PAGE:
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Wells Fargo: U.S. targeting executive as defendant may be retaliation

A U.S. flag flies above Wells Fargo & Co headquarters in San Francisco, California, April 22, 2009. REUTERS/Robert Galbraith
A U.S. flag flies above Wells Fargo & Co headquarters in San Francisco, California, April 22, 2009. REUTERS/Robert Galbraith

By Joseph Ax

NEW YORK (Reuters) - Wells Fargo & Co said Monday that a U.S. government request to add one of its executives as a defendant in a fraud case may be in retaliation for the bank's decision to cut off settlement talks.

In a motion filed in New York federal court opposing the Justice Department's request to add executive Kurt Lofrano as a defendant, Wells Fargo said it told the government it would no longer engage in settlement negotiations on October 29 after months of discussions.

Three days later, the government for the first time said it would seek to add an unnamed executive, later revealed to be Lofrano, to its year-old lawsuit accusing the bank of fraud during the lead-up to the financial meltdown.

"In the absence of any other explanation for the lengthy delay, this intervening event - within days of the notice - raises questions about whether the United States acted in bad faith, in retaliation for Wells Fargo's message," the bank's lawyers said in court papers.

The bank questioned why the Justice Department waited a year before deciding to pursue claims against Lofrano, who has joined a very short list of individual executives to be sued by the government over actions that contributed to the financial crisis.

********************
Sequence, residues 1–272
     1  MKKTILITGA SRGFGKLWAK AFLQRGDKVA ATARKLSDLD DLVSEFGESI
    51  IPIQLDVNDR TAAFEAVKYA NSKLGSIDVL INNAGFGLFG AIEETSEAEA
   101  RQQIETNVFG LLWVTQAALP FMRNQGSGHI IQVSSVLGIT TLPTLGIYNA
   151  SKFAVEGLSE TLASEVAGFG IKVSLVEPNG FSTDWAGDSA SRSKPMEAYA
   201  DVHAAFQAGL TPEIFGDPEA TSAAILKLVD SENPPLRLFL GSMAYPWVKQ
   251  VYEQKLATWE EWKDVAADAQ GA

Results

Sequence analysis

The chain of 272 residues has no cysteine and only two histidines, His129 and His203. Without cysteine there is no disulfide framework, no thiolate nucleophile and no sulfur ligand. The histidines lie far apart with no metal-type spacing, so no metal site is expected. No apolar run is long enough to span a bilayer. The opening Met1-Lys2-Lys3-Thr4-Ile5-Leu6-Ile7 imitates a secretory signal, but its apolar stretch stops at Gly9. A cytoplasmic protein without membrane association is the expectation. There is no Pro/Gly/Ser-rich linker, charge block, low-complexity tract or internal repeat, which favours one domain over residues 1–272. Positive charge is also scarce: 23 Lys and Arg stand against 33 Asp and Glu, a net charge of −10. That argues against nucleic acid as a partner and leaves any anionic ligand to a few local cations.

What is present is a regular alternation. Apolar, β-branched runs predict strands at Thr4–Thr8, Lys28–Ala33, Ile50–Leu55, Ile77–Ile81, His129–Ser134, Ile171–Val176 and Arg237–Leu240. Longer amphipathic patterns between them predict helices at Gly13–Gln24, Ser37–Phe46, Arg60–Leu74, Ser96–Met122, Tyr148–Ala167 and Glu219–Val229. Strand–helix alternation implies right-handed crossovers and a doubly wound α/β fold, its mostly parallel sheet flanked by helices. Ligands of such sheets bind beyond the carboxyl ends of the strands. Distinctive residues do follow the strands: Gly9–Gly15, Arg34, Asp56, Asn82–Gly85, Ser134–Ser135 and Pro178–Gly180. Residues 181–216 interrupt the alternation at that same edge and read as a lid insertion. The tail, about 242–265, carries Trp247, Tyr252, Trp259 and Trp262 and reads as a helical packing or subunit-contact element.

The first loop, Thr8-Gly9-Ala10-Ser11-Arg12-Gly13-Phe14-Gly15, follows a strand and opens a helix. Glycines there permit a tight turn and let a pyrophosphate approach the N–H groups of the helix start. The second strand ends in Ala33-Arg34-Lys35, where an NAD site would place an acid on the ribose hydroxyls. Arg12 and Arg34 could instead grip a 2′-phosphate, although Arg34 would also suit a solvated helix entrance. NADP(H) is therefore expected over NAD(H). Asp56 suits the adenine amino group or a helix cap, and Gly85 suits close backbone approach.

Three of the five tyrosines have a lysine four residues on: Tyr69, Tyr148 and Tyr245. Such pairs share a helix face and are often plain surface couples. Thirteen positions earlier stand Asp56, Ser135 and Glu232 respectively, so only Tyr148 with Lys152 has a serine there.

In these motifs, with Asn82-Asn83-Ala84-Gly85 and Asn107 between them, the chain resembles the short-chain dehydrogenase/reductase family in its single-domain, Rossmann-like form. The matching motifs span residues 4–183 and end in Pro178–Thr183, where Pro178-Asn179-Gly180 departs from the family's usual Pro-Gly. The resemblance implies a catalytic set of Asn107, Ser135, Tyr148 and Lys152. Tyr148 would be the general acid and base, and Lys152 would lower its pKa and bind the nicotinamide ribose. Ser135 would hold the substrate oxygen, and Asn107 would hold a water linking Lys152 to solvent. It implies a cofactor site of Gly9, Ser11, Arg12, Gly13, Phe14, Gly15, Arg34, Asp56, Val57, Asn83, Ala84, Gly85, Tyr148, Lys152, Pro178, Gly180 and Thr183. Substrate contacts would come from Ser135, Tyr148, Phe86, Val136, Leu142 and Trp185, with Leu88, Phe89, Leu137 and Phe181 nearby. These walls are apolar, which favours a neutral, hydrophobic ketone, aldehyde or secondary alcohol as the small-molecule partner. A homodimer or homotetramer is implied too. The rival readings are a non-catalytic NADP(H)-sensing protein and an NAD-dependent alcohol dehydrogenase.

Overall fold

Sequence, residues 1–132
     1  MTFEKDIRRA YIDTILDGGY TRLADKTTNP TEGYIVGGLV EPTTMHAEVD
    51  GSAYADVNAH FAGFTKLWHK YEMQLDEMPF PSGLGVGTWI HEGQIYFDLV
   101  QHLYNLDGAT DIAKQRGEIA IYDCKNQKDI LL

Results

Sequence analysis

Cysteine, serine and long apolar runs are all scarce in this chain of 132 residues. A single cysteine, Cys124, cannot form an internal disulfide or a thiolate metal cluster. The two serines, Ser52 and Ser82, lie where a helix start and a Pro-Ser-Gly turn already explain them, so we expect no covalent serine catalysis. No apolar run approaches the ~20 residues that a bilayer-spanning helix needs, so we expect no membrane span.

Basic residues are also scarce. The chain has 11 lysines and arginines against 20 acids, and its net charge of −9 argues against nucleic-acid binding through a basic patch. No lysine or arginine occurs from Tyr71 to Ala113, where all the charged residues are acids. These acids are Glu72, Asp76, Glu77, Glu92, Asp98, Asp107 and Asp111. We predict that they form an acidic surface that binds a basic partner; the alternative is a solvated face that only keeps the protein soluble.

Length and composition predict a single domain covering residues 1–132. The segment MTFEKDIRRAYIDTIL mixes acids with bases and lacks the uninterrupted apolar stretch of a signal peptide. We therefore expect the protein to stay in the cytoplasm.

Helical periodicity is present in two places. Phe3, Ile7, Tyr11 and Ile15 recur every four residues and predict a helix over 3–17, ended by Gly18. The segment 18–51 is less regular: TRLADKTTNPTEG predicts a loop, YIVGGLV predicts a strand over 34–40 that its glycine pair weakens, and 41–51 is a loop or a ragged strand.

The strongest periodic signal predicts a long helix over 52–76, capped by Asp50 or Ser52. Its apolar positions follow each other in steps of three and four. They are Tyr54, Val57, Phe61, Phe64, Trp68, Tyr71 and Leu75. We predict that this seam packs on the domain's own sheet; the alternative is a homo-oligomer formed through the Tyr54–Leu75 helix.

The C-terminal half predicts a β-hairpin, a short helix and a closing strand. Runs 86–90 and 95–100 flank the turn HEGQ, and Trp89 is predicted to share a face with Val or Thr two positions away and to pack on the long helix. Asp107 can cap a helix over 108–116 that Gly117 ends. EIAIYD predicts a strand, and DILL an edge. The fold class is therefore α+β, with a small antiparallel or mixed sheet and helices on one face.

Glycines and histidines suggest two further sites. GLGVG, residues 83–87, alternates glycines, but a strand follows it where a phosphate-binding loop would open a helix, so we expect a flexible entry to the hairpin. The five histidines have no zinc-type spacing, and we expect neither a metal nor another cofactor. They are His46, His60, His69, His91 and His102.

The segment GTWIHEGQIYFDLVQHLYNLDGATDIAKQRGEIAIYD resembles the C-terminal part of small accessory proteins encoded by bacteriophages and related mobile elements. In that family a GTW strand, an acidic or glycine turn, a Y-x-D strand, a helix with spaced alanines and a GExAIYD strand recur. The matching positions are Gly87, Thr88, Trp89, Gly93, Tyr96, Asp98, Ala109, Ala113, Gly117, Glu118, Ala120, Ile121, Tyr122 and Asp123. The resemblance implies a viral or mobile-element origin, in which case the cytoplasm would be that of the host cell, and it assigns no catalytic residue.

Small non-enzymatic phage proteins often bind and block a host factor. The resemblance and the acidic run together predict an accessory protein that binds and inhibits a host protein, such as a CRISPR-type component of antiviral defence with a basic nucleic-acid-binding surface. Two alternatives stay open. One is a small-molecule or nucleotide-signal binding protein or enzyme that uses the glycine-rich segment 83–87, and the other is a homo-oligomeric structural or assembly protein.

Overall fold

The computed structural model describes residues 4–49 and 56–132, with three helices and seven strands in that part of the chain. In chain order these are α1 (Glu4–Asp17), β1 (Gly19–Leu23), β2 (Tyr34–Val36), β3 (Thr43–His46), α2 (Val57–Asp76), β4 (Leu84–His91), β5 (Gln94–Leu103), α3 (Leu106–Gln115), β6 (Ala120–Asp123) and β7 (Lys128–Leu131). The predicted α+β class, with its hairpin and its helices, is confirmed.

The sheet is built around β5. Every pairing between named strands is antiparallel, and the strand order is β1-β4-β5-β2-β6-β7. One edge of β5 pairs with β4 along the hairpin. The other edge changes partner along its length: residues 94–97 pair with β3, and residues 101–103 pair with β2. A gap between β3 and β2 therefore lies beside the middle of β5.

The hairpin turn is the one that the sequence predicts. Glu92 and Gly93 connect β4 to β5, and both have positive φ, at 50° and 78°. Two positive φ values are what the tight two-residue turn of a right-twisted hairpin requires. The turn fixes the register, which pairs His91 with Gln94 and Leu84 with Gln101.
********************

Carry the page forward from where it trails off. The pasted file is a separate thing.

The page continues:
The U.S. Attorney's office in Manhattan declined to comment on the filing.

Wells Fargo, the country's largest mortgage lender, is accused of misleading the U.S. Department of Housing and Urban Development into believing defective home loans qualified for insurance from the Federal Housing Administration, causing the government hundreds of millions of dollars in losses.

The bank has denied the allegations.

On November 22, the Justice Department asked U.S. District Judge Jesse Furman for permission to add Lofrano, who it said played a "critical role" in the bank's alleged failure to report the loans' flaws to the government.

He worked as vice president for quality control from 2002 to 2010, a position that made him responsible for the bank's self-reporting policies, the government said.

He remains employed at the bank. In a statement following the government's request, Wells Fargo said Lofrano was a "well respected team member" and that it stood by him unequivocally.

Furman denied the bank's motion to dismiss the lawsuit in September.

The case is U.S. v. Wells Fargo Bank NA, U.S. District Court, Southern District of New York, No. 12-07527.

(Reporting by Joseph Ax; Editing by Bernard Orr)

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